• It’s basically a ripoff of TextExpander. It has exactly the same functions, and even a very similar UI. I just felt bad, as it seems the developer took TE and rewrote a bit to avoid licensing problems, then released the app. Other text expansion apps have their functions, UI, details that make them unique. aText, if you used TE, feels exactly the same (and it even imports all your TE snippets perfectly).

When I started playing around text expansion, TE was, as for you, a pretty big investment for the use I was going to give it. I got aText and used it for 4 years, but now my usage’s gotten more intensive and TE offers just more to justify the change.

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#7

I listened to this podcast and while David’s day to day job as a lawyer made TE useful to him, my current text expansion is limited to a few things such as form filling and typing user name in the various websites I logon to. As such, I find that Alfred’s built in text expansion serve my need. However, I like Rosemary’s \ to trigger the text expansion and will adopt this. Makes more sense as compare to my own special shortcut keyword which sometimes get triggered accidentally.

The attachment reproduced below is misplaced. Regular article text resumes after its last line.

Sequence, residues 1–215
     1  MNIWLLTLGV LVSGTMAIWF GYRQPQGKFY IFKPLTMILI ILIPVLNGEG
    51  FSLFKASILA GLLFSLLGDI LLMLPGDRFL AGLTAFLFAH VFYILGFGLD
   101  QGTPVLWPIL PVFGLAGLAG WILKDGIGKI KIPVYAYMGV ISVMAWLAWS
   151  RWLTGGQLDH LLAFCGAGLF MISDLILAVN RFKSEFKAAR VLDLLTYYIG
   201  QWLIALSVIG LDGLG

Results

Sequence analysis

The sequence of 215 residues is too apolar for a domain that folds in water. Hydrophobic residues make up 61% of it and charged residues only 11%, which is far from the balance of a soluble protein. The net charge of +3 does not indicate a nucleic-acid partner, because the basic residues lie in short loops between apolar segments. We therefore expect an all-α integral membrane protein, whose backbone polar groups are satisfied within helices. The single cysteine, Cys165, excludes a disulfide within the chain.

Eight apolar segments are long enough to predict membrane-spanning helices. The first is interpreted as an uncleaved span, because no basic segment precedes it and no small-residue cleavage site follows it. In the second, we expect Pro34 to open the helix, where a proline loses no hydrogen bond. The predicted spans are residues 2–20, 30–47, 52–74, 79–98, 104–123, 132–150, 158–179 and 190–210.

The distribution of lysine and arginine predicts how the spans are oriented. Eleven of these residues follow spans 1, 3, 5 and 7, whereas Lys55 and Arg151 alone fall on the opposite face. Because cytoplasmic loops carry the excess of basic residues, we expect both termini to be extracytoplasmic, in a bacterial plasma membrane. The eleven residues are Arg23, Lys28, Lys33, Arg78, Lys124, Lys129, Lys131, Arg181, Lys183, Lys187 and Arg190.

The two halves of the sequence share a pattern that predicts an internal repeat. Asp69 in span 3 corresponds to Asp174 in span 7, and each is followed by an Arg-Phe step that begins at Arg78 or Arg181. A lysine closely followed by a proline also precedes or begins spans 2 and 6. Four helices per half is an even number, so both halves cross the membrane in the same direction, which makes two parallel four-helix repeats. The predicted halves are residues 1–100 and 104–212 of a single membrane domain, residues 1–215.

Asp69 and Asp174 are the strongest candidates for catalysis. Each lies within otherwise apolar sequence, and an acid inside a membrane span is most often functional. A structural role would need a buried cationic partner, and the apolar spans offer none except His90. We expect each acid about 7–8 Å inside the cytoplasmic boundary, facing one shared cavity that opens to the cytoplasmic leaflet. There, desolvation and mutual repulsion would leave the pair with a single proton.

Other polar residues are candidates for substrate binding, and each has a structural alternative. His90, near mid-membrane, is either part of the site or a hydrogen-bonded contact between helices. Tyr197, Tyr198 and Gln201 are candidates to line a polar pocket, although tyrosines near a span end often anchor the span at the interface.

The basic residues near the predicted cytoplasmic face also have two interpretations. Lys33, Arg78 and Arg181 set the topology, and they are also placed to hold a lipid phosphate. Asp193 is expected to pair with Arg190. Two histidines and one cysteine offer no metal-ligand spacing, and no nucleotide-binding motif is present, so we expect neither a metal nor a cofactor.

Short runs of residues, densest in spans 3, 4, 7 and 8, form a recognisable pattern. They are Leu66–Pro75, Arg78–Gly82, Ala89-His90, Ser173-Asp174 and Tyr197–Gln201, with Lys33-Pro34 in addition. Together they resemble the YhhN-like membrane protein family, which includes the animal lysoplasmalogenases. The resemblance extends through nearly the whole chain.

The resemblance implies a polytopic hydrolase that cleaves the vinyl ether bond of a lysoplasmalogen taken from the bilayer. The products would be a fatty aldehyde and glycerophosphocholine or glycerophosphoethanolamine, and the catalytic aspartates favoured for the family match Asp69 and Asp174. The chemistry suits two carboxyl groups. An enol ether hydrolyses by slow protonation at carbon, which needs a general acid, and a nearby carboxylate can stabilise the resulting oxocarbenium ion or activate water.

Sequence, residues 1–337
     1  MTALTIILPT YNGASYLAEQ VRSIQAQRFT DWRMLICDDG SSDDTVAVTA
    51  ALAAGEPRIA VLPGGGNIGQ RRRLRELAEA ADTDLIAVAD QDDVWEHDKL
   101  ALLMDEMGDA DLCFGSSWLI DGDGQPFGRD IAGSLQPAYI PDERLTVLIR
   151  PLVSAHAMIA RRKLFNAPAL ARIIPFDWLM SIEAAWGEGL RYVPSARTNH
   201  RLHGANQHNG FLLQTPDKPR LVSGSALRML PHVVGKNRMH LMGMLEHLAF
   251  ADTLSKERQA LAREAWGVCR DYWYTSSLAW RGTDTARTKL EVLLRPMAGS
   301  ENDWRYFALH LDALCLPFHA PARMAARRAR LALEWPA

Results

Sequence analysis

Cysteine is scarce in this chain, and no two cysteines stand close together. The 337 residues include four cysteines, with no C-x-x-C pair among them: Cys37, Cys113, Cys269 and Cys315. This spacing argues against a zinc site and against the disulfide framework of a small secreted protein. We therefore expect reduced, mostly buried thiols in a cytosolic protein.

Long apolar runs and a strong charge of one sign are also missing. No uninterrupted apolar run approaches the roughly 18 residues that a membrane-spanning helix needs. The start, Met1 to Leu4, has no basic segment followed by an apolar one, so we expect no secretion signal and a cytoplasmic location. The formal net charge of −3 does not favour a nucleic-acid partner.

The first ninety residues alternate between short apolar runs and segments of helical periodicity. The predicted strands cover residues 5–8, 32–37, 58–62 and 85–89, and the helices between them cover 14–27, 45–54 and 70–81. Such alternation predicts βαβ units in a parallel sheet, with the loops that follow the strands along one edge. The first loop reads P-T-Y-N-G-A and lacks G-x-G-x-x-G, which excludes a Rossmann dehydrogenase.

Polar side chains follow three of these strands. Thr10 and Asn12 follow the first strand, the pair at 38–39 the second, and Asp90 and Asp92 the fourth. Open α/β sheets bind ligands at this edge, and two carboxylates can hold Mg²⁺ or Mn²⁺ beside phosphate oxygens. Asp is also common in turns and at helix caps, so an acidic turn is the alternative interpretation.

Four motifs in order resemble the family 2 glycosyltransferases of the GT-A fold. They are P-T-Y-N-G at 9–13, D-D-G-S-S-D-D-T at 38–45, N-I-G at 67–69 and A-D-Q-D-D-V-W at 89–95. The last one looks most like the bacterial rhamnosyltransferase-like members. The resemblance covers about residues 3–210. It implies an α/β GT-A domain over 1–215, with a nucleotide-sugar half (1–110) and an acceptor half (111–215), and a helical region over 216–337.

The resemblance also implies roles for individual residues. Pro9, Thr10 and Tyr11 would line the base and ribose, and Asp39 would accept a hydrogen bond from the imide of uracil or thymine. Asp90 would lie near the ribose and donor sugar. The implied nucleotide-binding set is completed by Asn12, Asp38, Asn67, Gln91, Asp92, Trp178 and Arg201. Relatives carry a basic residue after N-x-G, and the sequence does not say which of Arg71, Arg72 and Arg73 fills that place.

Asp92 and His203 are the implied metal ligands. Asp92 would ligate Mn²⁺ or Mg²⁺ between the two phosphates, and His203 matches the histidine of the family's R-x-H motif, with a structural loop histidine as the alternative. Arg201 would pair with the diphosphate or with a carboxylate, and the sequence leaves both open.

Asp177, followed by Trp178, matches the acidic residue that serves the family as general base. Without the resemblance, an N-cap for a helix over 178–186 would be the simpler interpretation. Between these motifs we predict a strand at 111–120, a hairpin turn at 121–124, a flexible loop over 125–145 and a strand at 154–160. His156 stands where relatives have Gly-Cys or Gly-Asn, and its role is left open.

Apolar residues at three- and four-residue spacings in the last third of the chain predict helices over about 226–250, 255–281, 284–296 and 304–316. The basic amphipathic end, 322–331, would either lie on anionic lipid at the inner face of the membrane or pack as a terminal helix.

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#8

You’re very welcome, Andre. Great to hear this was helpful!

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#9

Backslash is problematic if you’re a programmer as it’s often used to start an escape sequence e.g. \n and \t.

What I picked up was the use of tab for tabbing between fields in web form. However, my usage will make that relatively rare.

#10

Fortunately I am not a programmer, so I think backslash will still work for me. We’ll see. I thought about using forward slash, but sometimes I use Terminal and that’s used in directories.

#11

Bad news: Backslash is used to escape a space in filenames - in Terminal.

#12

The choice of initial prefix isn’t actually as critical in the ways it is being suggested here. Let me try and give an explanation as to why I believe this to be the case.

The full trigger string is what is actually important, though there is a factor to consider around the prefix which I’ll come to shortly.

To begin with, let’s take a backslash as an initial prefix example. If I need to type in a newline code of \n, then as long as I don’t have a snippet trigger string of \n for something else, it will trigger just fine. I could have \foo, \bar, \quz, \qux. None of those are \n, so none of those get triggered.